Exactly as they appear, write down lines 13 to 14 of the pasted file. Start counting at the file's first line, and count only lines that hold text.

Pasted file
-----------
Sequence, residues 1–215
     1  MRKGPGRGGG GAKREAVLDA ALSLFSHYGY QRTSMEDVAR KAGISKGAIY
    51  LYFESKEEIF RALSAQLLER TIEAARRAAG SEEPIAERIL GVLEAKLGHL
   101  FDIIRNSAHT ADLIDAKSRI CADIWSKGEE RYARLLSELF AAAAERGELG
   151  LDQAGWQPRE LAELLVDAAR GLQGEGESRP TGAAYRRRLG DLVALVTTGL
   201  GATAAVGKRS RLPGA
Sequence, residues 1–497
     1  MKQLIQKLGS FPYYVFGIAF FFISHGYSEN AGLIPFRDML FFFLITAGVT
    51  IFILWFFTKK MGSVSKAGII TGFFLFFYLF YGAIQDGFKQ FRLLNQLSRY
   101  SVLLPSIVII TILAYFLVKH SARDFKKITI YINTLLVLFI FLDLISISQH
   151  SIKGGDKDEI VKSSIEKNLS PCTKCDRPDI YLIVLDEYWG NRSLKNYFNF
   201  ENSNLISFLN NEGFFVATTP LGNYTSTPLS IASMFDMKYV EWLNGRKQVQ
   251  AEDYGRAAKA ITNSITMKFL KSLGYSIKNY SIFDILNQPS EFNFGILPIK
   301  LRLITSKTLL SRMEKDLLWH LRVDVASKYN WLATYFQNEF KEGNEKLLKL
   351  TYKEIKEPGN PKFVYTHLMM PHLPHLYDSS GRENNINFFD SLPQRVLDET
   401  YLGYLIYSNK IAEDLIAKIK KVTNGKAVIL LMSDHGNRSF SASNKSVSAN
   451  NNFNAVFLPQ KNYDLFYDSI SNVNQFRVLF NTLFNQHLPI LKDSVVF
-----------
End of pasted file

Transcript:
   251  AEDYGRAAKA ITNSITMKFL KSLGYSIKNY SIFDILNQPS EFNFGILPIK
   301  LRLITSKTLL SRMEKDLLWH LRVDVASKYN WLATYFQNEF KEGNEKLLKL